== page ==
“A long time ago, in a green wooded valley which faced the blue sea, all of the birds got together for a meeting.”
So began yesterday’s drama presentation of The Monarch of the Birds. The speaker was about 10 years old, a lively lad sitting alone in his bedroom. In attendance were nine other performers, John and I, and any number of parents, grandparents, friends and family—all of them in various conditions of lockdown.
“Unfortunately, at that meeting, the birds all made their noises at the same time. Everyone wanted to talk, and no one wanted to listen.”
Teaching and directing a play on Zoom has its challenges. Just getting everyone to class feels like a major victory. You never know when someone will have to leave and come back due to technical problems. Acting in unison is tricky, but possible. Some drama games are impossible unless everyone is in gallery view. Sending people into breakout rooms is difficult if everyone has changed their name to “Poop”. And sitting quietly in the frame of the camera takes real effort for active ones who have a hard time sitting still in any class.
But there are some surprising benefits. Voice projection isn’t as big a problem as it is when kids perform live—the microphone hears everything, from dramatic whispers to idiosyncratic bird voices. Gender and age biases don’t seem to matter as much —the kids were happy to work in small groups with any team members. Props and costumes can very effective on camera—and for us, working in our puppet studio, many things came easily to hand.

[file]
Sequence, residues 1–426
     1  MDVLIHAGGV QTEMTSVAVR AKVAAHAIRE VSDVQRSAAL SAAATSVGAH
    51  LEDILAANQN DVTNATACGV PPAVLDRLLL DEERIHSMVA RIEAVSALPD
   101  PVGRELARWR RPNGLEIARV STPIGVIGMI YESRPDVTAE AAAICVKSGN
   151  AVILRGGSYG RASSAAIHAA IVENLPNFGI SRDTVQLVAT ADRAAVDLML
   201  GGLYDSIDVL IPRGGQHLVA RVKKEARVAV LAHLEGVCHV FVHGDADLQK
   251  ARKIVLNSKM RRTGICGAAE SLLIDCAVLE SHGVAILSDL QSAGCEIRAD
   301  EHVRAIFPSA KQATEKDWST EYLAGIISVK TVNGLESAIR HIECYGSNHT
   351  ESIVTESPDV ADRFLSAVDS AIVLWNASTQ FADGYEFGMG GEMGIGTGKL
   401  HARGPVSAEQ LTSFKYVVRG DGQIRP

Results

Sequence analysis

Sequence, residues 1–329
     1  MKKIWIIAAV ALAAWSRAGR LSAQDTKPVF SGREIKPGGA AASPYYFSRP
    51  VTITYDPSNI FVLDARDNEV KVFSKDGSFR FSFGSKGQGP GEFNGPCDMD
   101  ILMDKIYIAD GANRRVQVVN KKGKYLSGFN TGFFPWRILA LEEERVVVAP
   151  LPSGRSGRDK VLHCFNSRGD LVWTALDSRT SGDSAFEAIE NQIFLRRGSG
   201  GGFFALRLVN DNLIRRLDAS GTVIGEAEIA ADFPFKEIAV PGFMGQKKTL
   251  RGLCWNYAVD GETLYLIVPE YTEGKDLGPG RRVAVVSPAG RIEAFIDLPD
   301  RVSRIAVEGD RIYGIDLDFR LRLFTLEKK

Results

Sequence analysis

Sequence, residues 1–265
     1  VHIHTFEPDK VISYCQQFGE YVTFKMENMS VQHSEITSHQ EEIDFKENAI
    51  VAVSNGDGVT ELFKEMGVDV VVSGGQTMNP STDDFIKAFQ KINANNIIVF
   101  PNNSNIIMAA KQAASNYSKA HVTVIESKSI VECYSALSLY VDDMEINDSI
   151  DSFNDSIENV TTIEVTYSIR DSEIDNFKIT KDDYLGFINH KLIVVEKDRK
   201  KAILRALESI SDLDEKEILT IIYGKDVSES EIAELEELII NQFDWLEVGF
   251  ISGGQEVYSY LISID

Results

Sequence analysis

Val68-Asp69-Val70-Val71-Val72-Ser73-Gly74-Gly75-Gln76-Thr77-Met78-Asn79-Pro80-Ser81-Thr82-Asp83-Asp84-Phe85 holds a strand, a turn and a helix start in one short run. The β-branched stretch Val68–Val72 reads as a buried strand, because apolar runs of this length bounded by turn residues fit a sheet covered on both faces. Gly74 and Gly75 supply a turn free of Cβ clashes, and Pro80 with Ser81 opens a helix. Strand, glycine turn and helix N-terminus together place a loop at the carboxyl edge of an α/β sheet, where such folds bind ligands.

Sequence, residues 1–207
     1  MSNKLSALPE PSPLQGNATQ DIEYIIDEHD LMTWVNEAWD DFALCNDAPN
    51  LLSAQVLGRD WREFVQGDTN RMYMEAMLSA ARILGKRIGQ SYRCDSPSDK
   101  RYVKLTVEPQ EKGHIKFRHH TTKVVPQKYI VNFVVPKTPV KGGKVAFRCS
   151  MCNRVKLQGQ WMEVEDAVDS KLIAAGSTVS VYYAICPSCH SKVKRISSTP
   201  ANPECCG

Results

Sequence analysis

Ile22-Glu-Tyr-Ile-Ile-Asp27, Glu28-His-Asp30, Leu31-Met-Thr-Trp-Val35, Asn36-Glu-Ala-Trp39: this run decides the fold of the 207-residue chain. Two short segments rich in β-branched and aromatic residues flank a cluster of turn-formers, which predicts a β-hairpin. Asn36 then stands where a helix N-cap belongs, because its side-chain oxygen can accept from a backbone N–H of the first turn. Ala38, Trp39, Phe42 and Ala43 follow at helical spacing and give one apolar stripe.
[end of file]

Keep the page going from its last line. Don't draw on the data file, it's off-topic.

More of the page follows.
The kids loved the drama games, working in small groups in the breakout rooms, and making new friends. They didn’t want to go away from each other in the 10-minute recess. They did a great job—learning lines and gestures, supporting each other, and getting at the heart of the story. They were also happy to help each other with computer problems.
We loved spending time with the kids, of course, and watching the story come to life. It was good for us to learn this new skill, and to feel more confident about being able to teach and work online. We appreciate the encouragement and guidance of the Ottawa Children’s Theatre team, Amanda Lewis, Nick Miller and Emily Poulsen, who shared what they’ve learned from online teaching, and facilitate discussions with other drama teachers David Hersh, Emmanuelle Zeesman, Molly Reisman and Clayton Briggs, who are discovering more every day.
“Chirp, chirp chirp!”